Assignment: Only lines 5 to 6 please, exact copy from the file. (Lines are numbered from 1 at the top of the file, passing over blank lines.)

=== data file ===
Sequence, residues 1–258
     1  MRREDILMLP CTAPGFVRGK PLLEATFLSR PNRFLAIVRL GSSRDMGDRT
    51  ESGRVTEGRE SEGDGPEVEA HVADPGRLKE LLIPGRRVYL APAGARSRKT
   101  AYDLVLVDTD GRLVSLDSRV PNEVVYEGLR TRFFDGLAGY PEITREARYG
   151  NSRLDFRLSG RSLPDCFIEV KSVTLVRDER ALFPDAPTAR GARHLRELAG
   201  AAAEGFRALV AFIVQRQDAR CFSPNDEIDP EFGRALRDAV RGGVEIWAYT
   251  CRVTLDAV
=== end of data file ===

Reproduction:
   151  NSRLDFRLSG RSLPDCFIEV KSVTLVRDER ALFPDAPTAR GARHLRELAG
   201  AAAEGFRALV AFIVQRQDAR CFSPNDEIDP EFGRALRDAV RGGVEIWAYT